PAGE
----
|Title: ||The impact of organizational change on the perceptions of UK managers|
|Citation: ||European Journal of Work and Organizational Psychology, 13(2): 139-163|
|Publisher: ||Psychology Press (Taylor & Francis)|
|Journal: ||European Journal of Work and Organizational Psychology|
|Issue Date: ||2004 |
|Additional Links: ||http://www.informaworld.com/smpp/content~db=all?content=10.1080/13594320444000047|
|Abstract: ||Redundancy, delayering, downsizing, and various other forms of organizational change have become increasingly prevalent. This article focuses on the impact of different forms of organizational change on managers' perceptions of the organizations they work within and the comparison between changes that involve redundancy and/or delayering and those that do not involve such changes. The literature has many accounts of the negative effects associated with redundancy and delayering, but are these effects unique to these types of change or are they a consequence of negative experiences of a range of organizational changes? Hypotheses were tested to assess, first, whether there are differences between different levels of management, notably between directors and nondirectors in the way they perceive organizational change, second, to assess how change has affected managers' perceptions of their organizations and their working lives, and third, to explore if different forms of change are associated with differences in managers' perceptions of their organizations “as a place to work”. Hypotheses were tested with data from a cross-sectional survey with 830 managers from the UK. Organizational changes include cost reduction and culture change programmes, delayering, mergers/demergers, outsourcing, redundancy programmes, and contract/ temporary workers. The analyses reported here indicate clearly that specific forms of change are associated with managers' reports of their experiences at work; some forms of change (notably redundancy and delayering) seem to have particularly damaging implications for managers' experiences in the workplace. The analyses also show that there is a difference in the way directors and nondirectors perceive the changes. Finally, the article considers strategies for ameliorating the effects of change including the role of HR.|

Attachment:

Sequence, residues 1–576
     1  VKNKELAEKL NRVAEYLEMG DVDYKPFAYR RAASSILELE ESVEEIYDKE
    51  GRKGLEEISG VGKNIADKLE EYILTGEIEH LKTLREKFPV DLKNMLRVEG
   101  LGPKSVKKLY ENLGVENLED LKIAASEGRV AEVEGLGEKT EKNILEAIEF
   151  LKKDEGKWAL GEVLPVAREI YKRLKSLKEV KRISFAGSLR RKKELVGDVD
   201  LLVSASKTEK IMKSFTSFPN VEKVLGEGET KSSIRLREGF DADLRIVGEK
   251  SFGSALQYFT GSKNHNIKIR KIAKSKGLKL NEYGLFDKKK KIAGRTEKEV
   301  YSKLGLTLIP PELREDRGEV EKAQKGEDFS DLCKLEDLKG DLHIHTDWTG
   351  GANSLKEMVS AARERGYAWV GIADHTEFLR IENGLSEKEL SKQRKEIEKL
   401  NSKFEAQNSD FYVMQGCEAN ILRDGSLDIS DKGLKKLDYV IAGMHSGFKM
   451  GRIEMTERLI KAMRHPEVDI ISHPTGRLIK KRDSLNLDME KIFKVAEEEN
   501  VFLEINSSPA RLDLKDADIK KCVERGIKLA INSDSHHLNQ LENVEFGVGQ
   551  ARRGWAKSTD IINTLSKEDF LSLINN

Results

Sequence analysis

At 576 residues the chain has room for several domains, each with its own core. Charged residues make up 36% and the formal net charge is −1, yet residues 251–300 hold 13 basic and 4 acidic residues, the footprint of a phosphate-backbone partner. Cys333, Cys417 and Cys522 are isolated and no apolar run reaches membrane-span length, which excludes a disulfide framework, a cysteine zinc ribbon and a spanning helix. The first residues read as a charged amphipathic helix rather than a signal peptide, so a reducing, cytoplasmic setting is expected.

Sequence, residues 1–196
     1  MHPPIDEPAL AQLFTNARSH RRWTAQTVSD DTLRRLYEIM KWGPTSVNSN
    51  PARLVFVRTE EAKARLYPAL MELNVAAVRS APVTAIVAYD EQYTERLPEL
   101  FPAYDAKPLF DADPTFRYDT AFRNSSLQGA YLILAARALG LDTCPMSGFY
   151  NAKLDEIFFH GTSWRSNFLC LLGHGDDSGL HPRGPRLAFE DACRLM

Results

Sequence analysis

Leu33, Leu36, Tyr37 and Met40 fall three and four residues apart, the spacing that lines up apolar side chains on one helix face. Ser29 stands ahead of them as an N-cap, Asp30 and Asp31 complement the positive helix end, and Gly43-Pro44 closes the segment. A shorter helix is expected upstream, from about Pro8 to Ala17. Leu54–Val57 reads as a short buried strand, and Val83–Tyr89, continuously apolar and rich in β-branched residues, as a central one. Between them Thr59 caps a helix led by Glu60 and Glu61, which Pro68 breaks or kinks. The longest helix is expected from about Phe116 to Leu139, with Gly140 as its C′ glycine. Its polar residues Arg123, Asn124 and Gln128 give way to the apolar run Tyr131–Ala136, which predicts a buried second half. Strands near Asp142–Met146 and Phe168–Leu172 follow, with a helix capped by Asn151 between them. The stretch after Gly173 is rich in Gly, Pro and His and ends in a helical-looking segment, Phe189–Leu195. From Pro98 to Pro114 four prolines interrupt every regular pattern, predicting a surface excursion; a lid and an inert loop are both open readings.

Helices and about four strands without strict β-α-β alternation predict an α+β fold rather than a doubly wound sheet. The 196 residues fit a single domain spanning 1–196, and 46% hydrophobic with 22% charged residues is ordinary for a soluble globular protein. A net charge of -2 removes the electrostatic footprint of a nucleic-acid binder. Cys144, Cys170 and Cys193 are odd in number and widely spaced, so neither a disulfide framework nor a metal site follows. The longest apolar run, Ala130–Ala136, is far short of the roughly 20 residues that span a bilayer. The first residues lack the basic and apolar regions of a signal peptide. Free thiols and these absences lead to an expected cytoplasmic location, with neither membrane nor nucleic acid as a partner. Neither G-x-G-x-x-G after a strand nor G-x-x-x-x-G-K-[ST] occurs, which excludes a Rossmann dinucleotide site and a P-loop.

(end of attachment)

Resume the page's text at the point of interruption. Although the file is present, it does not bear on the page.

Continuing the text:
|Keywords: ||Office and workplace|
|Appears in Collections: ||Management Research Centre |
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